Monthly Archives: March 2014

Brighten Up the Bottomside of the 10

Wut, another freeway post?

We’ve talked before about the need to think about short-term improvements to freeways that strengthen the city fabric and make streets safer and more comfortable for bikes and pedestrians. That post was really geared towards everything on the surface of freeways and interchanges, but what about the area underneath freeway viaducts? There are things that could be done in the short term to improve these environments too.

Keep Houston Houston already did the legwork on this one; here’s the quick takeaway on how the undersides of viaducts and bridges should be designed:

  • Face with a solid surface. Beams and trusses create cavities that get filled with trash, guano deposits, and in some cases, affordable housing. California has an advantage here because most of our freeway bridges are continuous reinforced slabs or box girders, which already have a smooth, solid, continuous underside.
  • Paint a bright color, for obvious reasons.
  • Illuminate with bright lighting, also for obvious reasons. The lights used should be cool white LEDs, which produce a more appealing light spectrum. Traditionally, this type of outdoor lighting has been done with sodium vapor lamps, which are cheap and bright, but produce that characteristic industrial yellow glow. However, LED capital and operating costs have fallen to the point where they’re practical.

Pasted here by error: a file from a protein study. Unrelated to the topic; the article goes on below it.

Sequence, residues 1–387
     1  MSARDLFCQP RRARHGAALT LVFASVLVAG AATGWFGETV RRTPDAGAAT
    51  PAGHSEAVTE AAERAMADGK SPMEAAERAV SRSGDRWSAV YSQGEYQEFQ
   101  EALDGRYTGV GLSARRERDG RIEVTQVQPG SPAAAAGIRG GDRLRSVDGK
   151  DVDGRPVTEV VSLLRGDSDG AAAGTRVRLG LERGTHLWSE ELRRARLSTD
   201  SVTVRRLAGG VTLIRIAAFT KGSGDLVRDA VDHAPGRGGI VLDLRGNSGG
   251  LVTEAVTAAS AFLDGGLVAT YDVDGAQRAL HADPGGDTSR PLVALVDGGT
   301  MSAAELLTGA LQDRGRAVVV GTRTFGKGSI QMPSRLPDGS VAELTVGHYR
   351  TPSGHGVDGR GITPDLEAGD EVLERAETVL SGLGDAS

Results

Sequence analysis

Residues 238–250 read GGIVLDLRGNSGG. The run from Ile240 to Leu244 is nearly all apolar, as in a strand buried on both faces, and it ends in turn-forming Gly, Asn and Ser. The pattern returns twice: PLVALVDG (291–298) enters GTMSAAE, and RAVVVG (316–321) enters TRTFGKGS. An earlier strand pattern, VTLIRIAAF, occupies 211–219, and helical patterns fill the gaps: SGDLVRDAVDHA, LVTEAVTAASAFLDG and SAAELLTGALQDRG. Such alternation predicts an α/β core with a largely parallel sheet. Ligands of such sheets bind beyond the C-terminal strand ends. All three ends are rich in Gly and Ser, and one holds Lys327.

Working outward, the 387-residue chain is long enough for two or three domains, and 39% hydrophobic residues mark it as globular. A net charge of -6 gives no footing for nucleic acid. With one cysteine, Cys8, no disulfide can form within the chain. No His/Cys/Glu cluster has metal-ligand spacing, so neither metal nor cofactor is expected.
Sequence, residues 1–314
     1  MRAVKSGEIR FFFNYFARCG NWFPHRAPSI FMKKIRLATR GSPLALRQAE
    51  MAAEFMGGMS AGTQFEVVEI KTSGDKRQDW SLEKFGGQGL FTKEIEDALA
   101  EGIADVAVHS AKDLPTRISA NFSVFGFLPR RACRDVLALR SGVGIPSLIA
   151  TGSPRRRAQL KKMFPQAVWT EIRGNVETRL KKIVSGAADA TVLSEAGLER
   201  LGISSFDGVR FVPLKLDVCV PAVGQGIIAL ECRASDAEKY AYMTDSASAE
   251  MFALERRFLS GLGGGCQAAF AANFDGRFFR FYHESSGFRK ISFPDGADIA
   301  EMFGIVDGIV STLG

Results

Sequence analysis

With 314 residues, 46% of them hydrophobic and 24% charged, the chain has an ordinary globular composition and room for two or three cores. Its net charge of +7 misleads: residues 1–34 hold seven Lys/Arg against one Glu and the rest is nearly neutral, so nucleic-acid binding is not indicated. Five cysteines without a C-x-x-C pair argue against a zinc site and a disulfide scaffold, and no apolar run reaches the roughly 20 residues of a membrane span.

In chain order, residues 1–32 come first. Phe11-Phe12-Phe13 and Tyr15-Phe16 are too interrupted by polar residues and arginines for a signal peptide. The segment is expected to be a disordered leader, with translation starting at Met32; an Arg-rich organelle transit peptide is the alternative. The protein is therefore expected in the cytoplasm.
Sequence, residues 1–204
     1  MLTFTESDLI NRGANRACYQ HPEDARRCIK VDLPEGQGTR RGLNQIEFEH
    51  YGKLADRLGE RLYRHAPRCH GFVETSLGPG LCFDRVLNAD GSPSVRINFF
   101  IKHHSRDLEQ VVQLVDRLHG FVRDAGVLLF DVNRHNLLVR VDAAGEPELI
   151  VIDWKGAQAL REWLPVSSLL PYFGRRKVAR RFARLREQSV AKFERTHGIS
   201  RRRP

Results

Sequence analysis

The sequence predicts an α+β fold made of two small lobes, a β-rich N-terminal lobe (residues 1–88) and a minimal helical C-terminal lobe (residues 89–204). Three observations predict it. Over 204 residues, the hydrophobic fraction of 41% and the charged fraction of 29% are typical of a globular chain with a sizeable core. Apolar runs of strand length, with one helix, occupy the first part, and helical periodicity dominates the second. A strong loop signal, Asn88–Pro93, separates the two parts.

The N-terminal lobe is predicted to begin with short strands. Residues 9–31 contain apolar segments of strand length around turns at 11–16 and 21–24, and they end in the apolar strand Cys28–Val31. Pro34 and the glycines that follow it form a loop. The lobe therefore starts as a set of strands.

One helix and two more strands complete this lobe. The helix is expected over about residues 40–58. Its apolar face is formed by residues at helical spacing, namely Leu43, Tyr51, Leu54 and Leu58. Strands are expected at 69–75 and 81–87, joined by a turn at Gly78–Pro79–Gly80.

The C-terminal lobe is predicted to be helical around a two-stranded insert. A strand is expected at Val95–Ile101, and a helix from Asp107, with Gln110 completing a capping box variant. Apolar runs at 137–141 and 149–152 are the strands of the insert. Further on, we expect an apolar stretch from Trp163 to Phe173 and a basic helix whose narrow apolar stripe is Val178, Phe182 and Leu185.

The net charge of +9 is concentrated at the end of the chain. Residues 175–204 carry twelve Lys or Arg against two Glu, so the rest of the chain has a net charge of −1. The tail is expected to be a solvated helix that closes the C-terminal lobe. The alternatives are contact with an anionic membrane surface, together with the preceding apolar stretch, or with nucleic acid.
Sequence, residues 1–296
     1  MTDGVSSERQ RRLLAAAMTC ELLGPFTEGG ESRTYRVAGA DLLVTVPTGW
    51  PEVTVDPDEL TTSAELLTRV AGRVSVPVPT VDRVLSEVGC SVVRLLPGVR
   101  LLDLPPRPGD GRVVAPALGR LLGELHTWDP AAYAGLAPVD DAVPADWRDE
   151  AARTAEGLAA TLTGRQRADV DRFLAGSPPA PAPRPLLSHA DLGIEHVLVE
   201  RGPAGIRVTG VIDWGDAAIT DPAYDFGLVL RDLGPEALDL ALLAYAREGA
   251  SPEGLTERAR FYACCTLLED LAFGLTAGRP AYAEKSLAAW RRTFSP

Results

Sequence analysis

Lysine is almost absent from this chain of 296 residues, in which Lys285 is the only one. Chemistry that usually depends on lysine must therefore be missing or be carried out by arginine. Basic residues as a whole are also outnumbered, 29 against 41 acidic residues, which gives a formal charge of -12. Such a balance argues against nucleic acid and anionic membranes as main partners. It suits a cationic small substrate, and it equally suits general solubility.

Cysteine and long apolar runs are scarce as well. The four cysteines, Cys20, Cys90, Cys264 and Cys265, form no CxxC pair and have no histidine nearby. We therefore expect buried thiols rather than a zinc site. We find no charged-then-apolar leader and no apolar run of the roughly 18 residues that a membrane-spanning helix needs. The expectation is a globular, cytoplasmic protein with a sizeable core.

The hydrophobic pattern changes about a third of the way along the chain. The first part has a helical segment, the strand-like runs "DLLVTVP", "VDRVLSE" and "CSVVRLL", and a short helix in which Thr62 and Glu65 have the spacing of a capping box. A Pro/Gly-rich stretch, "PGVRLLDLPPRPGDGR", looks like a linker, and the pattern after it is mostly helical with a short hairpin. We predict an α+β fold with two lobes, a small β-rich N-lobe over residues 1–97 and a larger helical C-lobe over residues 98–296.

• Bump up the level of density and activity abutting the freeway. If you want it in Jacobsian terms, a freeway viaduct is a long, skinny border vacuum. Making each side more active helps bridge the gap.

Quick Fix Bridges

For a simple case, here’s how things look today in Palms, on National underneath the 10:

What does this need? New lighting fixtures, a coat of white paint on top, and maybe some murals from local artists on the walls. This can be done quickly and for low cost. Here, enjoy an awesome MS Paint rendering of the same:


In some places, there’s already been some progress. For example, in Santa Monica, Pico was spruced up where it goes under the 10. It’s not all the way there, but it’s a start:

A Little More Work for Viaducts

I think the most interesting candidate for improvement right now is the 10 between the 110 and Olive Street. This area has already seen significant infrastructure investment in the Expo Line, and more is hopefully on the way with My Figueroa. On the north, the area bounded by the 10, the 110, 7th, and Hill is one of the hottest development markets around. To the south, USC has plans to develop new buildings, in addition to the massive Lorenzo project.

This makes the 10 viaduct a good candidate for enhancement, since it would contribute to growth in the area by making the street fabric more inviting for walking and biking. The 10 viaduct continues all the way to the river, of course, but east of Hill things are more industrial, so focusing on the stretch from the 110 to Olive will give the most bang for the buck.